Blair offers mortgage help to middle-class

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The Independent Online
TONY BLAIR, the Labour leader, will call this week for a revolution in the housing market to tackle middle-class insecurity and stem the tide of home repossessions.

Mr Blair will ask for more flexible "lifestyle" mortgage arrangements, allowing for payment holidays if home-owners' incomes decline.

Although such packages already exist, Labour believes that the financial markets have been slow to adapt to the change in work patterns. In particular lenders would be pressurised by a Labour government into helping the rising number of people who work as freelances or on short-term contracts.

The Labour leader will also pioneer the idea of a "staircase" between owning and renting. This would allow tenants to buy their properties, and permit home-owners who fall on hard times to reduce their financial commitments by returning to renting.

No legislation is planned, although sources say that a Labour government would be in a position to put pressure on lenders to offer flexible arrangements.

In his speech to a special Labour conference on housing in London, Mr Blair will also outline plans to protect holders of mortgages from receiving poor advice.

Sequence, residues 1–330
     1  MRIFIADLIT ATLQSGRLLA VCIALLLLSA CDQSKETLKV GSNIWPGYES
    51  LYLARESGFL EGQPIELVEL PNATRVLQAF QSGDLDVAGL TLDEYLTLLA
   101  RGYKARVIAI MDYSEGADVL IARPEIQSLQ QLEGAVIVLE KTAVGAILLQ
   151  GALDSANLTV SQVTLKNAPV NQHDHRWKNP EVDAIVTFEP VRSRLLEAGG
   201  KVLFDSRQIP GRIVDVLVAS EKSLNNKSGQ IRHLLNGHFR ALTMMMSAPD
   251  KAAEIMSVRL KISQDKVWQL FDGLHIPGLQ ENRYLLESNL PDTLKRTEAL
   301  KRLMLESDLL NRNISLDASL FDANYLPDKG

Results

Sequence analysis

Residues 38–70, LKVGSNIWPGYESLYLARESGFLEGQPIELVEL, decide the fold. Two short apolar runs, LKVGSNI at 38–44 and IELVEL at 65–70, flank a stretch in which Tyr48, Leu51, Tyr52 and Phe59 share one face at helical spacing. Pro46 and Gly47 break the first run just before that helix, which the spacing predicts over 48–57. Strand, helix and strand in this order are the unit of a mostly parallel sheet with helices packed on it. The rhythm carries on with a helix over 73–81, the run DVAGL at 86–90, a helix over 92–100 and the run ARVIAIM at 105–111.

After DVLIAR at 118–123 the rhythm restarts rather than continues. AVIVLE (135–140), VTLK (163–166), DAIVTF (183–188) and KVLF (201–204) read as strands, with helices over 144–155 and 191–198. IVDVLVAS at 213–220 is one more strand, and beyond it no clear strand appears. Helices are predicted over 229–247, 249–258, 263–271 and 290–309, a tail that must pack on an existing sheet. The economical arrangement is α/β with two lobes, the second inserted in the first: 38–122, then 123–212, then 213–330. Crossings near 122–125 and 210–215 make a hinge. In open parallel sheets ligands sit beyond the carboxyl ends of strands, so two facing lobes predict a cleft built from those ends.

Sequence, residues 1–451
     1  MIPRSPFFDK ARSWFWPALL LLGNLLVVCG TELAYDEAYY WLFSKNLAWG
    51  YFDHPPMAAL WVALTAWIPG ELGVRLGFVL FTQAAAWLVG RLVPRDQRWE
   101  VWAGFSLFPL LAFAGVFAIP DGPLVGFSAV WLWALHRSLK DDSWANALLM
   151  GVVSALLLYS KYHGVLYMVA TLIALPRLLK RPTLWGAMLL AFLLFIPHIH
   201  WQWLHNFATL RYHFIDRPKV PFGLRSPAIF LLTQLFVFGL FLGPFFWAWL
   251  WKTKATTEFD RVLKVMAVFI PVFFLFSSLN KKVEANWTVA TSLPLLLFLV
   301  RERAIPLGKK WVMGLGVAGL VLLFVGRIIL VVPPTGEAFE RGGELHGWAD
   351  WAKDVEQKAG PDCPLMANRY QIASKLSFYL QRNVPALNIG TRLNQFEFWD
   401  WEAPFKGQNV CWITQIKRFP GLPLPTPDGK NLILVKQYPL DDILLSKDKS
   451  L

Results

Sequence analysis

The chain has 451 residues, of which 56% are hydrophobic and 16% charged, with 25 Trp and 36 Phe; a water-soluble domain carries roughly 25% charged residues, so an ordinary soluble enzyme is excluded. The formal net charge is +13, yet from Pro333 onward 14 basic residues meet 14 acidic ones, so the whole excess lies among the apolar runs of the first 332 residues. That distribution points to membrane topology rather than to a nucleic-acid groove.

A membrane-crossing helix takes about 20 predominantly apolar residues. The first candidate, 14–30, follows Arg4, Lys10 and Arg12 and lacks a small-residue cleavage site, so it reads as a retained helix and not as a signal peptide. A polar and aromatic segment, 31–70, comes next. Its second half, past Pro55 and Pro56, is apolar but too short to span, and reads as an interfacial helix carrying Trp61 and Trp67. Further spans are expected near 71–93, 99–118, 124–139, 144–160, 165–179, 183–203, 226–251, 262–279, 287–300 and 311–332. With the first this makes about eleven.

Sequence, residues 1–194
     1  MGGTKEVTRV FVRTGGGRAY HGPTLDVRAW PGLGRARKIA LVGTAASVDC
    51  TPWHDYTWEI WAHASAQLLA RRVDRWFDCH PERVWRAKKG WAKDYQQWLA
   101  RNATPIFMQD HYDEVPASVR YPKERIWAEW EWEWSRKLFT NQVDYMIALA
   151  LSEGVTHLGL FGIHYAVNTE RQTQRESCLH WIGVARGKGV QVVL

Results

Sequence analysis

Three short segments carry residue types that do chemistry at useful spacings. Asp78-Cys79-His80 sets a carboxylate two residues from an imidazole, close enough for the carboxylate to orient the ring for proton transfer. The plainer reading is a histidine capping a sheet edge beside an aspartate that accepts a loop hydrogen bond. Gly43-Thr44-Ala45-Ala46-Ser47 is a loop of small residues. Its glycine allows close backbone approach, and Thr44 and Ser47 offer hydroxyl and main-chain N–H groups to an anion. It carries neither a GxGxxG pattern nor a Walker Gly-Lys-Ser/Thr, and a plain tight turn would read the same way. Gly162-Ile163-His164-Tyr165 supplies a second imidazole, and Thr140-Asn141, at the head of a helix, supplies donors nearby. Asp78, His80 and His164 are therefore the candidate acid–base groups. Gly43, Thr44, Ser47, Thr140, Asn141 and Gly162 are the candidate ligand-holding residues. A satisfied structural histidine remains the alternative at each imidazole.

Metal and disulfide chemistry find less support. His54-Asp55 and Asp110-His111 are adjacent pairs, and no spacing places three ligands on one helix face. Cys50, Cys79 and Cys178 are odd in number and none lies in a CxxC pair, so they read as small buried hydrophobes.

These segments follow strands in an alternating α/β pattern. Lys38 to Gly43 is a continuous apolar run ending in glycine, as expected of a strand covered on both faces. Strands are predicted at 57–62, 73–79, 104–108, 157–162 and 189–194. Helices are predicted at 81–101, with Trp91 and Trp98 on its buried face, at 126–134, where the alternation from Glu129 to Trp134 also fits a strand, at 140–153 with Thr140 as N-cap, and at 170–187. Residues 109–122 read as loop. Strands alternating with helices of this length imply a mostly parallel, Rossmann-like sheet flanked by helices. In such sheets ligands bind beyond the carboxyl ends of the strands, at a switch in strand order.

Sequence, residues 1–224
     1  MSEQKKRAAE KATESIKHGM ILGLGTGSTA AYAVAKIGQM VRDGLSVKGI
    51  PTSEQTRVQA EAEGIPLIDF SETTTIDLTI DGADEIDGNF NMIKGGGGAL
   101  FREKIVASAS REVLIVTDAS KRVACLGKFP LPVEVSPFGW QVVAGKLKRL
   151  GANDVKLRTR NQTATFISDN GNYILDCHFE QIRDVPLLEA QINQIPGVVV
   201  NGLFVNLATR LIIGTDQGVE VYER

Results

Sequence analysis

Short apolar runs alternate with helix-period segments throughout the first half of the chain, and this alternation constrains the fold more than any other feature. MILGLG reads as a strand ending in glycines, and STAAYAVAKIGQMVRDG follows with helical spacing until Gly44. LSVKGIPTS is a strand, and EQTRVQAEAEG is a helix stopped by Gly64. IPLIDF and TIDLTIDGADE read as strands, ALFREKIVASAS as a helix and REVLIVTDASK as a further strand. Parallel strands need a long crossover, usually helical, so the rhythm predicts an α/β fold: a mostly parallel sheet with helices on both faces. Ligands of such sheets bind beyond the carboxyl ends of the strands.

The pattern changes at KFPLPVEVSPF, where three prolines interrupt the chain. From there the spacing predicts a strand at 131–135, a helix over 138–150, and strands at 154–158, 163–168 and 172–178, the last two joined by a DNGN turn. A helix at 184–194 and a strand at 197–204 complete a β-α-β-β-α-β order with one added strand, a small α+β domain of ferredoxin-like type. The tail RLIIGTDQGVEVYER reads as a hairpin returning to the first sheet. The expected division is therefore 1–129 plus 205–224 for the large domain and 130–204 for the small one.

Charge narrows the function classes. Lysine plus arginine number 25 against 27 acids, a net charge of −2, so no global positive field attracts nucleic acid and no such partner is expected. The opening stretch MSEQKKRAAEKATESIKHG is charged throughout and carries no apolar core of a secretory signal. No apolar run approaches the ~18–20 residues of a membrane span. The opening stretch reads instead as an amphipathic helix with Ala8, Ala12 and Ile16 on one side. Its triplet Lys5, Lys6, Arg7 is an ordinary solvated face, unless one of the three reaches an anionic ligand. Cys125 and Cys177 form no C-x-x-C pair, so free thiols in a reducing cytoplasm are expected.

The Opposition says that there is now a "strong case" for bringing the lenders under the scope of the 1986 Financial Services Act.

That means that banks and building societies would be obliged to offer the best possible financial advice and borrowers would have recourse to the courts if it proved otherwise. Such protection currently applies to those who are, for example, given faulty advice on pensions.

Labour also plans to ensure that the lenders provide all the necessary information, including charges and commission.

Mr Blair will argue that home-owners, who put their faith in the Conservatives at the last election, have been abandoned by John Major's government. He will argue that there has been one household repossession for every two minutes of every working day since Mr Major moved into Downing Street.

The Opposition believes that banks and building societies have been over- zealous in their repossessions. Although Labour accepts that some repossessions are inevitable, they should only be the last resort, it says.

The "overhang" of repossessed properties has acted as a dead weight and depressed the market, the party adds.

The Opposition has also focused on negative equity, which now affects one million home-owners. This has also helped to stifle any real growth in the housing market - although the Conservatives argue that the average figure is low. Labour sees the insecurity of the middle classes as a key to the outcome of the next general election.